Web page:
Music and Reviews from Clare, Limerick, Waterford and sometimes further afield

Tuesday, May 15, 2018

Opera at Death Valley, California

Thanks to guest blogger, John Hartery for this dispatch from California.

Image result for amargosa opera house

By guest blogger John Hartery
You know how it is? You’ve perspired in 96 degree below in Furnace Creek in Death Valley, California and when you emerge you’d like a spot of opera. Well this is America anything is possible.
The Amargosa Opera House and Hotel offers accommodation, opera / theatre on weekend nights and a fine café all in a unique venue.

The opera origins go back to Marta Becket who delivered on her vision of an operatic and arts venue close to the one of the warmest spots on Earth.

Here’s what Wikipedia has  to say about the place
Marta Becket rented the recreation hall in 1967, when it was known as Corkhill Hall; she began repairs, created the sets, and painted murals on the adobe walls.[2][6] She renamed it the Amargosa, the original name of the former mining town.[7] In 1970, journalists from National Geographic discovered Becket doing a performance at the Amargosa Opera House without an audience. Their profile and another in Life led to an international interest in Becket and her theater. She began performing to visitors from around the world,[6] including such notables as Ray Bradbury[7] and Red Skelton.[8]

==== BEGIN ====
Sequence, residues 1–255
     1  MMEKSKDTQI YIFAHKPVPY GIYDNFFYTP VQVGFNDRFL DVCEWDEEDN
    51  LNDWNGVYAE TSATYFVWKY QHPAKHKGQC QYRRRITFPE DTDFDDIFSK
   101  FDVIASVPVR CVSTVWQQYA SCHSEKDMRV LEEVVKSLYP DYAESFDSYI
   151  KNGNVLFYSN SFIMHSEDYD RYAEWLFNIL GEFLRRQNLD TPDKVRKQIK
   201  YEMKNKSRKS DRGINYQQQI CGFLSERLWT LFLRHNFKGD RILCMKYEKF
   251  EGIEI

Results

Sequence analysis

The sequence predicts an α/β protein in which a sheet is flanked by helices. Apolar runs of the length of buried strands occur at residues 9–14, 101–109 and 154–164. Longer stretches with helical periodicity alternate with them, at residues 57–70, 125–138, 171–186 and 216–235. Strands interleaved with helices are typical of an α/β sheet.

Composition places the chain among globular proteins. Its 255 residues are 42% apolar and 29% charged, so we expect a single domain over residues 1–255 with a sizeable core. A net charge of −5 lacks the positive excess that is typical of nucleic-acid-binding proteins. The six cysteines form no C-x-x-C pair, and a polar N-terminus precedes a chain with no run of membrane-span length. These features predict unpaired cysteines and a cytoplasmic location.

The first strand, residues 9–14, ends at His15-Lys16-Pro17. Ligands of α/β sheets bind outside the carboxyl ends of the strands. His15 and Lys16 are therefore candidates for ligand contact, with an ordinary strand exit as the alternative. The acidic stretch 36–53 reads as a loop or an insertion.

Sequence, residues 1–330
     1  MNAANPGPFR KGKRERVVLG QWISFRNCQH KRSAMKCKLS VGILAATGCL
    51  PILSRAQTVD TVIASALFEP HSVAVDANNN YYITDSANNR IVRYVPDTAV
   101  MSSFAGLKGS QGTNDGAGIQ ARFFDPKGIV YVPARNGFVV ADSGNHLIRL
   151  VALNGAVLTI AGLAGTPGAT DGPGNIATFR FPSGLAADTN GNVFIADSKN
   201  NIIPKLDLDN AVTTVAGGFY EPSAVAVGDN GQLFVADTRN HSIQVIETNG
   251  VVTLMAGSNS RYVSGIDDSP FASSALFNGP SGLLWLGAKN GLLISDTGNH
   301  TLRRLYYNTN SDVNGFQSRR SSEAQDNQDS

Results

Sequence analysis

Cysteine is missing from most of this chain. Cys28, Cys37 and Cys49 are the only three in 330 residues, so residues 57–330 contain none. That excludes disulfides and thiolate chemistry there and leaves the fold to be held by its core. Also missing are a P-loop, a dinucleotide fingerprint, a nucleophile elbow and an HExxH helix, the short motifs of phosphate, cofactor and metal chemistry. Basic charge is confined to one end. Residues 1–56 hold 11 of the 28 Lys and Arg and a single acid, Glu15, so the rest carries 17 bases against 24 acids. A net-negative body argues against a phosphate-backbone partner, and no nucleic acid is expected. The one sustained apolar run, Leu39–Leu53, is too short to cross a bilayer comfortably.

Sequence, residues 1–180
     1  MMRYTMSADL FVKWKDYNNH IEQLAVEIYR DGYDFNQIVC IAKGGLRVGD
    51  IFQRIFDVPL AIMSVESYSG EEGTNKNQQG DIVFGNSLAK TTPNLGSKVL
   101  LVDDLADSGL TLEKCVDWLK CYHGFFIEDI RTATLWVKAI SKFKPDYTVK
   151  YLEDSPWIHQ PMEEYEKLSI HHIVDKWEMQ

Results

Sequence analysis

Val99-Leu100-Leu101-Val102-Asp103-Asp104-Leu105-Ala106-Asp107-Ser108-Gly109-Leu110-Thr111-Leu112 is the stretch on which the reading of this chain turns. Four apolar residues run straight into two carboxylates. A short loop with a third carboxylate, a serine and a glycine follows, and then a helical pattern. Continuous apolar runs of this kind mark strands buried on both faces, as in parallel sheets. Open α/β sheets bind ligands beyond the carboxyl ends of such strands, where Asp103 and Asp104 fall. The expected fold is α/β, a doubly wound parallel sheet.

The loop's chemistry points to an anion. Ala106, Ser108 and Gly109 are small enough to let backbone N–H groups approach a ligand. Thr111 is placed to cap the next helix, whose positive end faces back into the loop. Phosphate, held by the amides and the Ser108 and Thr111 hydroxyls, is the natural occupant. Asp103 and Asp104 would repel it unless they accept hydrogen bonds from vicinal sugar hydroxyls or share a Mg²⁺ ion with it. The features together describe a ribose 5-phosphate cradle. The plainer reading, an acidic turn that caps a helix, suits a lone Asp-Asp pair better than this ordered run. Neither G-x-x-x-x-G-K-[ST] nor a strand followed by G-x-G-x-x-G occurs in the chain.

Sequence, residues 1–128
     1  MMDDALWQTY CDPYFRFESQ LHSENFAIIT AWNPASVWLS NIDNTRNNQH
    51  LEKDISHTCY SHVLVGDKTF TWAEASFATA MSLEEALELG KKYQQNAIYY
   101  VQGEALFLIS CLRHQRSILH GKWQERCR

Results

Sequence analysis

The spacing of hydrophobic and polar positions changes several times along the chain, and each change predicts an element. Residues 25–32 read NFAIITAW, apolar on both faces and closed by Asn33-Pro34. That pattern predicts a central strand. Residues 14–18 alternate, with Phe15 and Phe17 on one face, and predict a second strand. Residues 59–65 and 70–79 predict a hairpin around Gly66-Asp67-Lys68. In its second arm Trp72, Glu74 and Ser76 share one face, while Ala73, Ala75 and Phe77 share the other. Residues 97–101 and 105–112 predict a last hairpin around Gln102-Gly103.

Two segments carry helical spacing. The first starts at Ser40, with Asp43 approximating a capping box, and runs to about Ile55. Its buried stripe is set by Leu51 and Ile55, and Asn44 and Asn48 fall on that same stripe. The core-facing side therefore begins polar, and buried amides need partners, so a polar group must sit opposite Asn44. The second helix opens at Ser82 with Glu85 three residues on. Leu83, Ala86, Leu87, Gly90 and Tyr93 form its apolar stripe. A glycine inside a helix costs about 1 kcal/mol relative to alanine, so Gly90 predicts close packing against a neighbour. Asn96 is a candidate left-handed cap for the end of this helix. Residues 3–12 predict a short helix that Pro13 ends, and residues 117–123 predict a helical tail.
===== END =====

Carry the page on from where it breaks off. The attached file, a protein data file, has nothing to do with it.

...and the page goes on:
In 1974, Becket completed her murals[6] and established the nonprofit Amargosa Opera House, Inc. to continue preservation of the property.[2] Through the Trust for Public Land, the nonprofit bought the town of Death Valley Junction, which was listed in the National "Register of Historic Places on December 10, 1981.[9] In 1983, the Opera House bought 120 theater seats from the Boulder City Theater in Boulder City, Nevada to replace the worn garden chairs[9] and the official National Register of Historic Places marker for Death Valley Junction was placed.[2
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The hotel  is really a motel. It’s in the American motel style with rooms having individual access to the  exterior and interior.. There’s no restaurant. Instead you can drive 7 miles across the state border into Nevada to a dive bar with the novel name of,  eh,  The Stateline Bar. Across the road from the bar  there’s a casino ready to mop up your spare change.
Related image
The Amaragosa Hotel offers basic standards but good value given the epic location. Breakfast is available in an adjacent cafe with a cheerful host and freshly made biscuits, bacon and eggs.